CISA’s New Guidelines: Has The Eagle Truly Landed?
The Cybersecurity and Infrastructure Security Agency (CISA) is responsible for building America’s “national capacity to defend against cyber-attacks and … to safeguard the ‘.gov’ networks.” Its mandate includes securing all publicly accessible Federal websites by scanning them for vulnerabilities that need to be remediated. On April 29, 2019, CISA issued Binding Operational Directive (BOD) 19-02, which tightens existing requirements for remediating vulnerabilities as well as increasing the scope of those requirements and toughening enforcement mechanisms. While we welcome CISA’s more stringent requirements, as well as the cooperation it encourages between the public and private sectors, we have some concerns that these new regulations neither go far enough nor apply the best methodology for remediating vulnerabilities.
Previous CISA Directives: The Background to BOD 19-02
BOD 19-02 is the 9th CISA directive to be issued; past ones have covered issues ranging from vulnerability remediation in general to a requirement to remove all products from a specific company (Kaspersky, named in BOD 17-01). CISA’s first BOD, BOD 15-01, was issued in 2015. It mandated regularly scheduled cyber hygiene scans for all agencies under its jurisdiction and also specified that any “critical” vulnerability, as determined by CVSS score, must be “mitigated” by the agency within 30 days of being notified about the vulnerabilities being found in the most recent cyber hygiene scan.
Due to increased DNS attacks, on January 22, 2019, CISA issued Emergency Directive 19-01. This directive forced agencies to take preventative measures against such attacks, including requiring multi-factor authorization for accounts that could change DNS information. Like other directives issued after BOD 15-01, Emergency Directive 19-01 neither altered the timeframe for dealing with “critical” vulnerabilities nor explicitly required treatment of vulnerabilities with a CVSS rating of “high.” (“Major” weaknesses had been subject to the 30-day rule, but this term was not linked to CVSS rating).
BOD 19-02: A More Detailed Look
BOD 19-02 differs from BOD 15-01, which it replaces, both in terms of scope and enforcement.
BOD 19-02 significantly reduces the time that an agency has to remediate critical vulnerabilities from 30 days to 15. It also specifies that vulnerabilities that have CVSS ratings of “high” must be remediated within 30 days. This language clarifies what is meant by “major,” but does not have the same impact as the reduction in time allotted for addressing critical issues. In all cases, the “clock” now starts earlier beginning when CISA detects the issue, not when it notifies the agency.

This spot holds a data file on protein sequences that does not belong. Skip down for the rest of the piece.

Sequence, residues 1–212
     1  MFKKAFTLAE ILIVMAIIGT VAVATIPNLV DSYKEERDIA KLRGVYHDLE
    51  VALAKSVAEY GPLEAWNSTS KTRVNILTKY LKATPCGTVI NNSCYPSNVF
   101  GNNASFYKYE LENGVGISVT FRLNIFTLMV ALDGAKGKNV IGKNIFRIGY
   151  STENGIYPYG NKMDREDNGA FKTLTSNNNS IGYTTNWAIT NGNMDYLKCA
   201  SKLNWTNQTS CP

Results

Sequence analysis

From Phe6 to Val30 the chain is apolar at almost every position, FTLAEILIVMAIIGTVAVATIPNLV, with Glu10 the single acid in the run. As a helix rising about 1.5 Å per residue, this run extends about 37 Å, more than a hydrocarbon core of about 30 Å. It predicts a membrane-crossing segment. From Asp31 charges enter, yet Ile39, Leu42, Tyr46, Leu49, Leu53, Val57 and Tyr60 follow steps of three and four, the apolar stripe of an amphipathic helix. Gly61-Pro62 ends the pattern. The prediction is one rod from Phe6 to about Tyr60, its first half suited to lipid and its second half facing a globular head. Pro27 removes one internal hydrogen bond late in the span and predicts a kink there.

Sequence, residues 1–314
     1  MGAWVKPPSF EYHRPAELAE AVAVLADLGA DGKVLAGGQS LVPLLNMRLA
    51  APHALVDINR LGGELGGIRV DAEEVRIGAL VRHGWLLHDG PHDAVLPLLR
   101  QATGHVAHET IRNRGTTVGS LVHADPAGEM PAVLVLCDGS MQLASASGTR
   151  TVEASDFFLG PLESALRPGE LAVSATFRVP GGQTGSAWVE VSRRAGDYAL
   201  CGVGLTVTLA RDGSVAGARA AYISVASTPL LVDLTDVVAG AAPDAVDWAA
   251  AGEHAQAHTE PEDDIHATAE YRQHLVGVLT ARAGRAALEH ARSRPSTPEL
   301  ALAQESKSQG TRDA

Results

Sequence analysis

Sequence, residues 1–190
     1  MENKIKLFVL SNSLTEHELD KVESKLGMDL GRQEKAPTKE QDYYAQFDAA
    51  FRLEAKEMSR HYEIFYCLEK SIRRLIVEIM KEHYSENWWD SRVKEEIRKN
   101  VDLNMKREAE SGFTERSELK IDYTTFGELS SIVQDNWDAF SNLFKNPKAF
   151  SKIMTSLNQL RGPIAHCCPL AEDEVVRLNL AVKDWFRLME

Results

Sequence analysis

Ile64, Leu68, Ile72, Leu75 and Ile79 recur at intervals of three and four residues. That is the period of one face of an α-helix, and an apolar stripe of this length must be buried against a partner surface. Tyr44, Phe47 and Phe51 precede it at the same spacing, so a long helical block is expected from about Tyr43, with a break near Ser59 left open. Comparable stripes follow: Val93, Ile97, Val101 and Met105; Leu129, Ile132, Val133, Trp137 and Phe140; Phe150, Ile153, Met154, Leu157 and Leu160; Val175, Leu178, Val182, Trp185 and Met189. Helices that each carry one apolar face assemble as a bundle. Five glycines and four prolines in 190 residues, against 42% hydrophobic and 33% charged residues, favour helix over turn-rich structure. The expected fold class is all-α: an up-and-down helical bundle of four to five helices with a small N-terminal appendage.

BOD 19-02 has a stronger enforcement mechanism than its predecessor. If an agency is late, CISA will send it a partially completed remediation plan, which must be returned completed within 3 business days. If needed, the CISA will speak with the agency’s CISO and other personnel to ensure compliance. While no specific sanctions or penalties are mentioned, it is clear that any such meetings will not be “social” in nature.
But Is It Enough?
While it is clear that CISA is working to harden .gov websites, questions have been raised about the directive. First, as Mounir Hahad, head of Juniper Networks’ Juniper Threat Labs states, 15 days is too long to endure “critical vulnerabilities for which proofs of concept may already be published or for which developing an exploit is trivial.” Once a vulnerability is in the wild, it can do tremendous damage in 15 days. Worse, if such vulnerability has “only” a “high” CVSS score, BOD 19-02 gives agencies 30 days to remediate it, far too long.
But there’s a deeper problem than just time — BOD 19-02 relies primarily on CVSS scores rather than risk-based assessment in prioritizing vulnerabilities. The risk-based approach to vulnerability management and remediation involves determining which vulnerabilities pose the greatest actual threat to a network and taking care of them first. Although the directive gives agencies some freedom in prioritizing vulnerabilities, this latitude is only in the context of the previously mentioned time limits. In practice, due to the 5-day rule this almost guarantees that “critical” vulnerabilities will be addressed first, no matter which vulnerability poses the greatest actual threat to an agency.
Additionally, the directive excludes some important items from its scope: vulnerabilities that are internal to an agency’s network including infrastructure “that enables endpoints to be accessible over the internet,” software that can only be accessed by VPNs, shared services not managed by the agency. Additionally, third-party infrastructure is out of scope, except for “cloud service provider infrastructure.” These exceptions could be problematic for any agency that is creating cloud-native apps or otherwise using a CI/CD pipeline that incorporates third-party software.
The Bottom Line: BOD 19-02 Is an Important Intermediate Step
BOD 19-02 is an important extension and replacement of previous CISA directives. We applaud the Federal government’s effort to promote cooperation between the private and public sectors and to promote quicker responses to threats. Having said that, we think that adoption of a risk-based methodology and improved security for agencies using CI/CD pipelines would significantly improve CISA’s efforts to harden Federal cybersecurity. All in all, BOD 19-02 is an important step, which we hope will be the starting point for greater network security.